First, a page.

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Kenyan Traffic Plan Runs Into Opposition

Proposal for tougher rules seeks to boost safety. Some motorists fear harassment from dishonest officers.


NAIROBI, Kenya — A government proposal for stiff new traffic rules that would impose heavy fines and other penalties on reckless motorists has met strong disapproval from the owners and drivers of public transport vehicles, who fear dishonest traffic police will further harass them.

However, many private motorists are cautiously optimistic that the proposed laws in particular would tame drivers of the swarm of minivans--called "matatus"--that provide fast, reliable transport in the city but are notorious for flouting traffic rules. If passed, government officials believe that the Traffic Amendment Bill could greatly reduce fatalities on Kenyan roads and vastly improve the conduct of the nation's motorists.

Motoring industry officials say that, last year, more than 3,000 people died on Kenyan roads, on which 500,000 vehicles nationally are registered to run. In Los Angeles County, about 5.4 million cars and trucks are registered to operate, and 764 people were killed in traffic-related accidents in 1997.

Among the changes, Kenya's proposed legislation calls for an automatic 15-year prison term--up from 10 years--and a five-year driving ban for anyone convicted of killing a person as a result of dangerous driving. Fines of up to $1,250 and one year in jail for repeated lesser offenses would also be mandated.

A series of demerit points for less serious violations would also be awarded. Accumulating 14 to 20 points would bring an automatic one-year driving ban; more than 20 points, a two-year prohibition.

Breath tests would also be imposed to determine the blood-alcohol level and deter drunken driving, which analysts say is widespread in Kenya. The traffic laws would be administered by a new, independent Road Safety Authority, with its own enforcement officers.

Some traffic analysts questioned how the road authority would guarantee greater driving discipline and honest conduct of traffic police--infamous here for soliciting bribes--when the basic existing rules are not respected.

"What is the road authority going to change or add?" asked Gavin Bennett, director of the Kenya Motor Industry Assn. and a regular consultant and commentator for the motoring industry. "If there is suddenly the people and the money and the commitment to improve the situation, why can it not be applied through the existing framework?"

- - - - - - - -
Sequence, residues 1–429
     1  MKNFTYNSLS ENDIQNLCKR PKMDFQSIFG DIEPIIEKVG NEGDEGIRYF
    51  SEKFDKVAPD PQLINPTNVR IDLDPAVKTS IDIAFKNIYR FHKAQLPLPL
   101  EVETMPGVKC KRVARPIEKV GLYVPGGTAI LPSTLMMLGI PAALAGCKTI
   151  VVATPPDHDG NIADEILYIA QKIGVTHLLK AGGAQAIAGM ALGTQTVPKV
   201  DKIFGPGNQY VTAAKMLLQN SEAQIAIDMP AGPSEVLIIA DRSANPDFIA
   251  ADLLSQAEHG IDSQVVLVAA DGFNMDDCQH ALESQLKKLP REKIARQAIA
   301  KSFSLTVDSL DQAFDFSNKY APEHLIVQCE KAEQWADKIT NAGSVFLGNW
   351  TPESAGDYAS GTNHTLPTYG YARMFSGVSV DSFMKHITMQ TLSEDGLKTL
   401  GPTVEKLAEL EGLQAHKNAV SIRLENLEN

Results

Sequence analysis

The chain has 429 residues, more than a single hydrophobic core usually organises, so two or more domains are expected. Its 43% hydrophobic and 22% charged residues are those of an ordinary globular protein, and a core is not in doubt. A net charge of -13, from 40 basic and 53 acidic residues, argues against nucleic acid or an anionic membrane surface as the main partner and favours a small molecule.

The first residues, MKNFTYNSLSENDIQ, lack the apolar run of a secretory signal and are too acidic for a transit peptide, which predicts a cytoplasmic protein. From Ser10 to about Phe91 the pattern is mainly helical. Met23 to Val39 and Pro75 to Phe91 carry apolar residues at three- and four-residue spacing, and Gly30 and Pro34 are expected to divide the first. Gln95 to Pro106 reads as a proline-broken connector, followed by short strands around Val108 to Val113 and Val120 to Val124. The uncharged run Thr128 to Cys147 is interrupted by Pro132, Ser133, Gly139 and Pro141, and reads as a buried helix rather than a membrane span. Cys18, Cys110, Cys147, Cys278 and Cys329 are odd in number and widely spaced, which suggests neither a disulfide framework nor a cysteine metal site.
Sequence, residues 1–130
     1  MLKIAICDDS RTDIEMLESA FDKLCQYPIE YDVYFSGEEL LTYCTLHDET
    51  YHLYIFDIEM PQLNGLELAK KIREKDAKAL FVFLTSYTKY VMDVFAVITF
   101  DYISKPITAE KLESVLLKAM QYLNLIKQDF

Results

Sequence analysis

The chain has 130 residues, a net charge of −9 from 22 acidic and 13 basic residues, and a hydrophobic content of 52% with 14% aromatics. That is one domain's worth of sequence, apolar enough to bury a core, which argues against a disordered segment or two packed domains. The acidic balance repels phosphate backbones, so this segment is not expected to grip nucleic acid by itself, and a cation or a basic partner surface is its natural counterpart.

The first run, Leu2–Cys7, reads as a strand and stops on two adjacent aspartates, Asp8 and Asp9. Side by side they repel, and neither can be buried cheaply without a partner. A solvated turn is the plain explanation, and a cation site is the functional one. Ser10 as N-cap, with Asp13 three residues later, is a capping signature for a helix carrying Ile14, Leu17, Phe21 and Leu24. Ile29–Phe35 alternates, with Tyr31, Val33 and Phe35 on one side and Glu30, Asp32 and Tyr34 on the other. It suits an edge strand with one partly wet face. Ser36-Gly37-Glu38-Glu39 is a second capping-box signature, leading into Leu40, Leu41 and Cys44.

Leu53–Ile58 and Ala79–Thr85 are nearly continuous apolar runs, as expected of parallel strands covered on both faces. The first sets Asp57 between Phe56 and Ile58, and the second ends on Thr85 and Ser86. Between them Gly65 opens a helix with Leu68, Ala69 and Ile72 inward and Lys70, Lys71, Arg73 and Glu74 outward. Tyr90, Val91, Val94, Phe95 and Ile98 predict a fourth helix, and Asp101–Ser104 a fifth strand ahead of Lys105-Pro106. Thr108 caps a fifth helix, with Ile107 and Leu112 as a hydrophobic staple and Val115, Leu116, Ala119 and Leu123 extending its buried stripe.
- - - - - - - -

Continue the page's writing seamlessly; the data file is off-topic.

Matatu operators are concerned about a rule that would deal with minor traffic offenses outside the courts, allowing a driver who admits wrongdoing on the spot to pay an automatic fine.

The operators say this rule would boost the extortionist tendencies of some law enforcement officers, prompting them to request financial compensation in an exchange for allowing the driver to forgo a more expensive fine.

"The legislation would give the traffic police an opportunity to harass matatu drivers," said Simon Maina, 30, driver of a public minivan for nine years. "Instead of introducing harsh laws, the government should first pave the roads, whose conditions are the major cause of accidents." The streets of Nairobi, the capital, are peppered with potholes.

Robert Macharia, a 45-year-old matatu driver, suggested that the government expand the capital's network of roads, build overpasses for pedestrians and set speed limits--instead of imposing fines, demerit points and jail terms.

Some motoring gurus said the authorities should be praised for trying to curb increasingly common road tragedies because few African countries stringently adhere to traffic regulations or seriously punish errant motorists.

South Africa has launched a massive "Arrive Alive" road safety campaign; driving under the influence incurs a six-year prison sentence and a stiff financial penalty. Police sources said a demerit points system is being developed.

Some backers of the Kenyan proposal said it would take a huge U-turn in dishonest behavior among traffic police, and not just catchy slogans, for the new rules to succeed here.

"It depends on how serious the [new] police will be," businesswoman Grace Wanja said as she sat in her white 1991 Toyota Corolla on a busy Nairobi thoroughfare. "The issue is corruption. Retraining of the traffic police is not going to bring change if corruption is not [gotten] rid of."

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